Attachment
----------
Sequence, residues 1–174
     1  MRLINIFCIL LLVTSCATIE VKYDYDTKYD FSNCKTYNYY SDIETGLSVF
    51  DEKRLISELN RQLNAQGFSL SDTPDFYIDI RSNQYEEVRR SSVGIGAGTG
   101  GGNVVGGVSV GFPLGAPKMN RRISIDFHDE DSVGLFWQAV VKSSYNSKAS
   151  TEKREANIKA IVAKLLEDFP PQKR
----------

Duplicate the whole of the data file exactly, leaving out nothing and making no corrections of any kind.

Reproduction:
Sequence, residues 1–174
     1  MRLINIFCIL LLVTSCATIE VKYDYDTKYD FSNCKTYNYY SDIETGLSVF
    51  DEKRLISELN RQLNAQGFSL SDTPDFYIDI RSNQYEEVRR SSVGIGAGTG
   101  GGNVVGGVSV GFPLGAPKMN RRISIDFHDE DSVGLFWQAV VKSSYNSKAS
   151  TEKREANIKA IVAKLLEDFP PQKR